I currently have a 401K with my current employer and am 100% vested. I am planning on taking a new job that does not offer any retirement plan. I don't like the current investment options in the 401K.The 401K is a mix of a Roth 401K and a regular 401K, plus the employer match.I would like to rollover the account into a IRA. Is is possible to rollover into both a IRA and a Roth IRA so I keep the current mix of pre-tax/post tax.My understanding is:Roth 401K -> Roth IRAregular 401K -> Traditional IRAemployer match -> Traditional IRA.Is this feasible/advisable?
It should be, yes, but you will have to wait until you leave the current employer. Is the Employer Match in a separate account from the two 401k's? Since you are fully vested, it should be your money in the Traditional 401k (if tax deferred) or the Roth 401k (if post-tax contribution). My guess is that it is pre-tax, but personally I have not heard of a company match that didn't go into the actual 401k but was held in a separate account. Then again, it's been a long time since I have had a job that offered any retirement savings.FuskieWho suggests taking to your IRA broker to find out the steps you will need to take to roll the cash assets of the retirement savings over to your IRA accounts so that you will be prepared when you do leave your current position...
Is the Employer Match in a separate account from the two 401k'sI'm a bit confused about this - when I logon to the account everything looks like its in one account. However my quarterly statement gives a % breakdown by my contributions and earnings vs employer match and shows the vested amount (which is 100%). Looks like I'll have to ask my IRA broker for some more logistical details.
>> I'm a bit confused about this - when I logon to the account everything looks like its in one account. However my quarterly statement gives a % breakdown by my contributions and earnings vs employer match and shows the vested amount (which is 100%). <<If you're 100% vested in all employer contributions and it's all commingled in one account, then as far as I can see it's mostly a moot distinction. The money is all yours.Where it can be different is if it's not 100% vested, or if the employer puts their match into a different account (i.e. when they match in company stock this can happen). But it sounds like that's not the case here.#29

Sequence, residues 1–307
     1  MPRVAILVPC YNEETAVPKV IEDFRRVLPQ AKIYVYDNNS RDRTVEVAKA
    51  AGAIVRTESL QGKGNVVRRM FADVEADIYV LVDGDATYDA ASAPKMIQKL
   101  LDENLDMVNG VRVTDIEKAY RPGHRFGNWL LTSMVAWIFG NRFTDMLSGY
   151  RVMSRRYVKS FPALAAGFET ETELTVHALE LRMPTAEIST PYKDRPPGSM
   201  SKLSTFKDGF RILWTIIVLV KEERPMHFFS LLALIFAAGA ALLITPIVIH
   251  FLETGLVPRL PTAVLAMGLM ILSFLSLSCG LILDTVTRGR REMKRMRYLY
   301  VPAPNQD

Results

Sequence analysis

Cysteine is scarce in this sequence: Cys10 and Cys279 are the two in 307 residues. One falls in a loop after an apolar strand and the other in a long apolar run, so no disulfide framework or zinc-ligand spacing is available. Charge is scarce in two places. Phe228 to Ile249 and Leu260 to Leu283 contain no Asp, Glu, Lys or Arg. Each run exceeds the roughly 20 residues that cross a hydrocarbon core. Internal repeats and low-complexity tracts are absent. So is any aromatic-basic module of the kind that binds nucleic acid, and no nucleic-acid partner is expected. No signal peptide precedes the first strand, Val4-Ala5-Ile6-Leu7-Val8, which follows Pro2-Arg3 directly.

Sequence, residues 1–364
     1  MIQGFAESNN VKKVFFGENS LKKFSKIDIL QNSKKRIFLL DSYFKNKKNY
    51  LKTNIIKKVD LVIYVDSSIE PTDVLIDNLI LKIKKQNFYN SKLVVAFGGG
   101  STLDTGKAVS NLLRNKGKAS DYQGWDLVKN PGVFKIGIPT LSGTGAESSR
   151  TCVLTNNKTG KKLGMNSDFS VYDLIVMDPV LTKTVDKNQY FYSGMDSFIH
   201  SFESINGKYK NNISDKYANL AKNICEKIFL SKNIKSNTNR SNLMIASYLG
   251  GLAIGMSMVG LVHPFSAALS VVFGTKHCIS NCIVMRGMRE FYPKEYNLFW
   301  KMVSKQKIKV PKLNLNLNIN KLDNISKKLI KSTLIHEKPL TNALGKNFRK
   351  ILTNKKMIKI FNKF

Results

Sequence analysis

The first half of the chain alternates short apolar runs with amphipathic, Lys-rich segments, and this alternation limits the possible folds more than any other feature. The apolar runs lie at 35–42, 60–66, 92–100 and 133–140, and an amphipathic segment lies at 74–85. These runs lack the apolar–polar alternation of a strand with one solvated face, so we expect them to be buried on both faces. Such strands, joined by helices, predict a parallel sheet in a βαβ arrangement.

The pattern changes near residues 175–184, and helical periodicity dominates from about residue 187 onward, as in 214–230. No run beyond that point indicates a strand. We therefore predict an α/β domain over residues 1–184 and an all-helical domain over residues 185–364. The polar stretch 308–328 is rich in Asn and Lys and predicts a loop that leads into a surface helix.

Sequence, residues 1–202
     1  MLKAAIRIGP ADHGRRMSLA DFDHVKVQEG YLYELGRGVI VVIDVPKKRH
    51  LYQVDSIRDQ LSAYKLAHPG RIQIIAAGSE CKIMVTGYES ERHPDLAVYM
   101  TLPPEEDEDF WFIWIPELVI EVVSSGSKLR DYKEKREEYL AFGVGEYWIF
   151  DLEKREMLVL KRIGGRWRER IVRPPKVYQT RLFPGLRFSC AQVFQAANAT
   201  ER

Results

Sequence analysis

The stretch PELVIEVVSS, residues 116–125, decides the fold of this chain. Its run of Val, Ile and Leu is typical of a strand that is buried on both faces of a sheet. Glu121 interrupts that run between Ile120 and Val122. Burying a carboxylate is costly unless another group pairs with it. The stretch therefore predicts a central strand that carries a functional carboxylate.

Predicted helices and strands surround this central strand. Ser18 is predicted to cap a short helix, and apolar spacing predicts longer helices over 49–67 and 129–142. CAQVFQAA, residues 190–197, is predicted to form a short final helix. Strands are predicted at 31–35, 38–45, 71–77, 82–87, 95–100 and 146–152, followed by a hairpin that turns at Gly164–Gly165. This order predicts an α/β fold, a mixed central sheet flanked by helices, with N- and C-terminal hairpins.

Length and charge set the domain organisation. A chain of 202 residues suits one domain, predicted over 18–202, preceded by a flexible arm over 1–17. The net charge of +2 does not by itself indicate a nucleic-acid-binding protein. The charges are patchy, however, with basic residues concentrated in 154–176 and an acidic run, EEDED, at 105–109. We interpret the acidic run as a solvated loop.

I believe his question was about the distinction between pretax, Roth and employer matching contributions - and the answer is not dependent on being vested. Most recordkeepers maintain all of the sources in one "account" for investment purposes (although some have started allowing you to invest Roth and pretax funds differently - but that is still a minority of recordkeepers). The recordkeeper knows how much was contributed to each source (Roth, pretax and match) and can, on the fly, calculate the proportion of the one "account" attributable to each. On distributions, the calculation is done, and various amounts (depending on the source) will be treated for tax purposes differently. The distribution will be broken down into appropriate sources so that you can roll over Roth money into a Roth IRA and the pretax (including the match) into a traditional IRA.
I guess I was confused as tO whether the employer contribution was to the traditional or Roth 401k, or to a separate cash fund.FuskieWho gathers that it is to one of the 401k accounts but is still not clear which...
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